2020 Entry Draft Results

Entry Draft Rapid Reactions

By Joe Keegan | Mar 17, 2020

All seven teams improved via the entry draft. You can find the full results here. Let’s run through some rapid reactions.

  • Zach Currier – who Waterdogs LC head coach Andy Copelan called the best two-way midfielder in the world – joins an already versatile midfield group. Coach Copelan has plenty of options with Currier, Drew Snider, Danny Eipp, Ryan Conrad, and Kyle McClancy
  • Chrome LC had the most efficient six-on-six offense in the league. They didn’t need another attackman. Relax with the conspiracy cries.
  • We discuss offensive chemistry constantly; in reality, that chemistry is probably more important on the defensive end. Shared experience helped the Redwoods, Whipsnakes, and Archers defenses click. Jesse Bernhardt would have been a steal for any team, but his experience playing alongside Will Haus, Joel White, and John Galloway with Team USA in 2018 makes him even more valuable for Chrome.
  • The Waterdogs’ defense is starting to form an identity, too. Ryland Rees was All-World playing alongside Brodie Merrill for Team Canada in 2018. Currier played short-stick defense for that team. That bond with Brodie and Currier might have been the deciding factor between Rees and Chick.
  • Rob Pannell got his wish. He landed with the Atlas. That attack line – RP3, Eric Law, Ryan Brown – has great balance. Pannell has been at his best when flanked by two finishers. Typically, those two have been a righty and a lefty. Law and Brown are both righties, but they space the field in different ways. Law sneaks inside; Brown pops to the perimeter. Pannell’s tendency to push the lefty side (usually for a right-handed question mark) makes the match a bit easier, too.
  • Balancing Pannell’s and Paul Rabil’s touches will be head coach Ben Rubeor’s biggest challenge. The Atlas offense was at its best when it got the ball behind the cage. That didn’t always happen. Unless John Crawley deliberately carried behind for an invert, the ball stayed above the arc for a low angle alley dodge.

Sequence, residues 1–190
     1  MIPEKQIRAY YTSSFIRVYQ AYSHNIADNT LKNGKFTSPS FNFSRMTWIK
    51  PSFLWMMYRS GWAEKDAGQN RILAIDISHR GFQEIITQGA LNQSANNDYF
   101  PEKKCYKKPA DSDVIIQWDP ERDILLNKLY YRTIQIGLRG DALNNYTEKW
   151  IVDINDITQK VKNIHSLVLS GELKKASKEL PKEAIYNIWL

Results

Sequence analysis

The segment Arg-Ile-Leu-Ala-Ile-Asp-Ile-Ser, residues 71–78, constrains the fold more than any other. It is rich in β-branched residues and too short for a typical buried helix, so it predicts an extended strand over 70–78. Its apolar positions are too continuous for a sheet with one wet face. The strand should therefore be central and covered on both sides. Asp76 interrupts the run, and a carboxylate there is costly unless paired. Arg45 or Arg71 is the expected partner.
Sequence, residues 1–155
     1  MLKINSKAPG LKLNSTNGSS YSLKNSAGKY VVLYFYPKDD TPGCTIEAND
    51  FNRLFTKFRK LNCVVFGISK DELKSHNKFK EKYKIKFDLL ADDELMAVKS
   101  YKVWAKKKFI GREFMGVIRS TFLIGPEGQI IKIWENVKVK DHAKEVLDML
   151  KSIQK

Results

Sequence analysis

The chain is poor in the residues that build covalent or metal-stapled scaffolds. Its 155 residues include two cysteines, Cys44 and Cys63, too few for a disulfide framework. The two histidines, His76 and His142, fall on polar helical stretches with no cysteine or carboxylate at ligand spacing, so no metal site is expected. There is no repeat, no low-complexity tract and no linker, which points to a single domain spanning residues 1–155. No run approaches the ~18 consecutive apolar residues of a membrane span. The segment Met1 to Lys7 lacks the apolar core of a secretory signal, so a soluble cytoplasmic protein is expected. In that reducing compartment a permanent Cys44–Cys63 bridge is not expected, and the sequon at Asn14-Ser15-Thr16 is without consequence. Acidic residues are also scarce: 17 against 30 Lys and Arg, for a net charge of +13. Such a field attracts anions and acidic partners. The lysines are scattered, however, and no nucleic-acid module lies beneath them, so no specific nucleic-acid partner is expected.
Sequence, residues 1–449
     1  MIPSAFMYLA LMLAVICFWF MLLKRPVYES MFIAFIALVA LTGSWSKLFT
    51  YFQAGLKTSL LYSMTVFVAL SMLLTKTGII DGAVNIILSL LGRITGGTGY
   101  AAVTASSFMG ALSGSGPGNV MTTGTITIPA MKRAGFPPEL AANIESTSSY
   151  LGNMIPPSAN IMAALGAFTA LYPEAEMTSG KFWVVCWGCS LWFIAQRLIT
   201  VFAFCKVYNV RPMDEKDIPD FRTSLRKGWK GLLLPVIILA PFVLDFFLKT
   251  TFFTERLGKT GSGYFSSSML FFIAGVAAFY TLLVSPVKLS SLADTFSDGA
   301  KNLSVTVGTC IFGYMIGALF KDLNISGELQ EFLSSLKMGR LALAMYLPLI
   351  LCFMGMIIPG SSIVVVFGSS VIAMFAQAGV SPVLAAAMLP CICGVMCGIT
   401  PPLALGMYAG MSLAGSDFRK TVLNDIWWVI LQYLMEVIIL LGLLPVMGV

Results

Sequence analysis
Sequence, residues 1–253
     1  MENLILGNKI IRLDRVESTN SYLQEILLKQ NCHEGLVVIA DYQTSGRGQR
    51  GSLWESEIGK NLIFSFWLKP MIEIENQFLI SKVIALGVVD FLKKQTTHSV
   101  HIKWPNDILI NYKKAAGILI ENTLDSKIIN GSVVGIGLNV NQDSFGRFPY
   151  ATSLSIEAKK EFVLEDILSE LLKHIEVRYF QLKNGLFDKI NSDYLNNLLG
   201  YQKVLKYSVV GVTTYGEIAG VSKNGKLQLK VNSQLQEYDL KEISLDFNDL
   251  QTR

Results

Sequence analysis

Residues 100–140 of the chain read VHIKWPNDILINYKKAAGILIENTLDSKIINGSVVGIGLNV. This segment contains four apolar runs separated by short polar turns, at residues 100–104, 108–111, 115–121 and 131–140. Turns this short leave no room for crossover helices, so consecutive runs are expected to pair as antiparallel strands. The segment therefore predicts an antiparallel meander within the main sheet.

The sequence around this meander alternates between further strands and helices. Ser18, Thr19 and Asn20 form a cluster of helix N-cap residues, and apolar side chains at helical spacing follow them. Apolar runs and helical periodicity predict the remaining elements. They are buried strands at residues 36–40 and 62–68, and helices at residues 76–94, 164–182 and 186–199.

• With Jackson Place recovering from a scary neck injury, the Archers had to add a quick cover defender. Eli Gobrecht might have the best feet of any defenseman in this draft. He has been asked to deny Jordan Wolf the ball in the past – and then matching feet when Wolf inevitably picks up an endline restart and explodes toward goal-line extended.
  • Christian Mazzone is an under-the-radar pick. Rutgers plays at a tempo that preps players for the pro game. He should help the Archers recover after being hit hard in the Expansion Draft.
  • The Whipsnakes lost Connor Kelly, Drew Snider, Ben Reeves, and Ryan Drenner in the Expansion Draft. Four offensive keys to their championship run. They need to rebuild that offense. Matt Rambo and Mike Chanenchuk are their south and north poles, respectively. Zed Williams can flank Rambo on attack or run out of the box. (He can take faceoff wings, too.) His game isn’t too similar to anything the Whipsnakes had in 2019. I’m interested to see how he gels.
  • TJ Comizio strengthens the league’s best short-stick defensive midfield. Head coach Jim Stagnitta didn’t need another lockdown short-stick. Now that he has one, there are plenty of options. Ty Warner and Comizio could take most of the defensive shifts while Bernhardt plays more of a two-way role.
  • Recent NCAA rulings have made the college draft a giant question mark. Who will take a fifth year? Who will play this summer? That uncertainty influenced the way some teams approached this draft. The Redwoods needed faceoff depth after Greg Gurenlian’s retirement. Bringing in Greg Puskuldjian, who played in two pro championships for head coach Nat St. Laurent before, accomplishes that without waiting to see which seniors are PLL bound.
  • Finn Sullivan and Craig Chick addressed areas of need for the Redwoods and Atlas, respectively. It’s easy to see whose minutes Sullivan takes; Matt Landis may be in-and-out of the lineup after joining the Navy SEALs. Chick and the rest of the Atlas’ defenders will have a battle in camp for a spot. Cade van Raaphorst did not impress off-ball as a rookie (after earning a reputation for his off-ball defense in college). Callum Robinson and Austin Pifani need to earn their time, too. The only guarantee down low for the Atlas is Tucker Durkin and his 792 lb. slap checks.
  • The biggest “surprise” of the first round: Chaos head coach Andy Towers took a goalie, even though he has the reigning Oren Lyons Goalie of the Year. The rationale: Coach Towers wanted to pick somebody who would make his 18-man roster every week. There’s no guarantee anybody else would crack this lineup.
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